From netmap to virtualization through openvswitch

This proposal has been accepted as a session.


One Line Summary

Overview of netmap and derived tools and discussion on how they can help improving network virtualization.


In this talk we would like to report our experience with netmap and derived tools, and discuss how they can be adapted to fit in the Linux architecture and help in network virtualization (joint work with Giuseppe Lettieri, Vincenzo Maffione, and Michio Honda).

netmap was designed in 2011 as a simple OS-bypass solution for fast network I/O. It brought impressive performance improvements to basic packet processing applications. Since then, we have explored extensions to the framework, trying to apply its performance
enhancement techniques to virtual switching and virtualization, and making it useful for more general applications within the OS.

Our netmap-based in-kernel software switch, called VALE, can connect multiple interfaces to the host stack and/or virtual machines at tens of millions of packets per second. A VALE switch can now act as the datapath for OpenvSwitch, with significant speedups over the original datapath.

Using VALE as an interconnect between virtual machines helped us improve the network speed of qemu, reaching a throughput of millions of packets per second even with conventional NIC emulation. Matching bare-metal speeds, we have made virtual machines a useful environment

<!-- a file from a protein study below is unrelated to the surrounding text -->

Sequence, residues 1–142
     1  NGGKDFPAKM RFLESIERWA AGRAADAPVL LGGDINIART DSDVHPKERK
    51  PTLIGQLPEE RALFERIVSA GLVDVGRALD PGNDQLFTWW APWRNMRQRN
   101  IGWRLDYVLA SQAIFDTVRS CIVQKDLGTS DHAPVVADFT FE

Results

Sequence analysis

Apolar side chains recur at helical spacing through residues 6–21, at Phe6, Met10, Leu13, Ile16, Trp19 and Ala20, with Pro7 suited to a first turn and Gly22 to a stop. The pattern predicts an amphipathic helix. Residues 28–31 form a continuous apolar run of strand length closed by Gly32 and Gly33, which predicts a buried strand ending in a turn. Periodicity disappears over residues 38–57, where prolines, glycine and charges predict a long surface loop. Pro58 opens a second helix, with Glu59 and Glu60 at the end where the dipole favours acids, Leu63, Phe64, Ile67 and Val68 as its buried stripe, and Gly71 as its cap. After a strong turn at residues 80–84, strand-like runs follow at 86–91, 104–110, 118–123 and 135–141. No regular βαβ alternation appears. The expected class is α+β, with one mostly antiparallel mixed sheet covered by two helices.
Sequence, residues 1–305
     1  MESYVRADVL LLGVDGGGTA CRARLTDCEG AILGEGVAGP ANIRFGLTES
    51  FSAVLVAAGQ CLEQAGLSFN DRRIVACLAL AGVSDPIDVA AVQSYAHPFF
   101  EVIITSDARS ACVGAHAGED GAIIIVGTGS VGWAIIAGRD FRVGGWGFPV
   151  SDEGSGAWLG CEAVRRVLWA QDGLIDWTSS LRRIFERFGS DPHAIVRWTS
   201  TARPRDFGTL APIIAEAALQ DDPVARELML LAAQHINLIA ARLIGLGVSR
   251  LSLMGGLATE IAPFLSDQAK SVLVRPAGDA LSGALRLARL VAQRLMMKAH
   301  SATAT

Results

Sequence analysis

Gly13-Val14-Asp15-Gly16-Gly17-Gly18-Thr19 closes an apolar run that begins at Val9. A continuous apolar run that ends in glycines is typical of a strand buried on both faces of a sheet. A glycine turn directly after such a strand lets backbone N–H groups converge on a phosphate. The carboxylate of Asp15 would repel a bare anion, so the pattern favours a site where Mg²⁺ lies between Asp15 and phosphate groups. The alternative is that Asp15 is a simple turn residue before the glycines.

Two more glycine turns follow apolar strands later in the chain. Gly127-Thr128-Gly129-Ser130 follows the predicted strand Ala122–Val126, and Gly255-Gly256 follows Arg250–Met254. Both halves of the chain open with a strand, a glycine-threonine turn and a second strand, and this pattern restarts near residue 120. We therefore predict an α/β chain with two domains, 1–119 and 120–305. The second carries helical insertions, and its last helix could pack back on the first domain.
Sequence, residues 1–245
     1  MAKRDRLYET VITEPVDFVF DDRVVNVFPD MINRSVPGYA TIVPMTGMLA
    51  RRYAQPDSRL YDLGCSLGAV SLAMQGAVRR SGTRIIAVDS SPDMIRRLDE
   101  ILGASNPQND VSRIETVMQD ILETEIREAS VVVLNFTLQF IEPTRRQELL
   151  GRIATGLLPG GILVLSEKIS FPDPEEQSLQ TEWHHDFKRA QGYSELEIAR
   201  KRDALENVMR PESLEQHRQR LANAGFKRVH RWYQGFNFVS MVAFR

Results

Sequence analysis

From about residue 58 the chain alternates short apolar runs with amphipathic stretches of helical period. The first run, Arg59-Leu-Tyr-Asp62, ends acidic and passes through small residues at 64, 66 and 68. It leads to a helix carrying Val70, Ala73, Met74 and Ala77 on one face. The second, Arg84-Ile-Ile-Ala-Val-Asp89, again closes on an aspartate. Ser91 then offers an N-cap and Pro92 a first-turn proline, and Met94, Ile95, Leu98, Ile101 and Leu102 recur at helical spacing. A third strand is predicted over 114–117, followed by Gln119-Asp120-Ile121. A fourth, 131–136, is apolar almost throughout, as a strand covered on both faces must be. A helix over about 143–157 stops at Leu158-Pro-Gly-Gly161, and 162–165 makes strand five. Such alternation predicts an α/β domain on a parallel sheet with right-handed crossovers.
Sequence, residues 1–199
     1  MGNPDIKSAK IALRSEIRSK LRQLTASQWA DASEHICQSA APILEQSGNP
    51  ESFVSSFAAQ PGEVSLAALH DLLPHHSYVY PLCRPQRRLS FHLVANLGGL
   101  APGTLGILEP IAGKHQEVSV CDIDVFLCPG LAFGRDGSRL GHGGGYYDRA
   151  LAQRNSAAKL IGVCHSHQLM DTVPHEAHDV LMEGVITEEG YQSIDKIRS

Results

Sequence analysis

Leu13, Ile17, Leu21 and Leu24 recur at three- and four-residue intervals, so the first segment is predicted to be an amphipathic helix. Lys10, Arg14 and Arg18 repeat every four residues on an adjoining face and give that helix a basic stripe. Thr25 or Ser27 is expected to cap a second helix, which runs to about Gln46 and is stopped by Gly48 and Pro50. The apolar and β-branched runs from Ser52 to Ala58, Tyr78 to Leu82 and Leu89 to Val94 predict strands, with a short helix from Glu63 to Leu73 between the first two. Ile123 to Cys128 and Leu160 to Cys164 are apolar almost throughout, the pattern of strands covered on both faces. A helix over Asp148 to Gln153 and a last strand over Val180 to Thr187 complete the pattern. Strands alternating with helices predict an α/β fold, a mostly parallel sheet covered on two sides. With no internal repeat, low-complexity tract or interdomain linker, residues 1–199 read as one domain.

for performance testing of the OS.



  • Luigi Rizzo

    Universita` di Pisa


    Luigi Rizzo is an Associate Professor of Computer Engineering at the Universita` di Pisa, Italy. His research focuses on computer networks and operating systems. In particular, he has done some highly cited work on multicast congestion control, FEC-based reliable multicast, network emulation, and more recently on packet scheduling, fast network I/O, virtualization.
    Much of his work has been implemented and deployed in popular operating systems and applications, and widely used by the research community. His contributions include the popular dummynet network emulator (a standard component of FreeBSD and OSX, and now also available for linux and Windows); one of the first publicly available erasure code for reliable multicast; the qfq packet scheduler; and the netmap framework for fast packet I/O.
    Luigi has been a visiting researcher at several industrial and research institutions, including ICSI (UC Berkeley), Intel Research Cambridge (UK), Intel Research Berkeley, Google Mountain View. Luigi has been General Chair for SIGCOMM 2006, TPC Co-Chair for SIGCOMM 2009, and TPC member/reviewer for many networking conferences and journals.


Leave a private comment to organizers about this proposal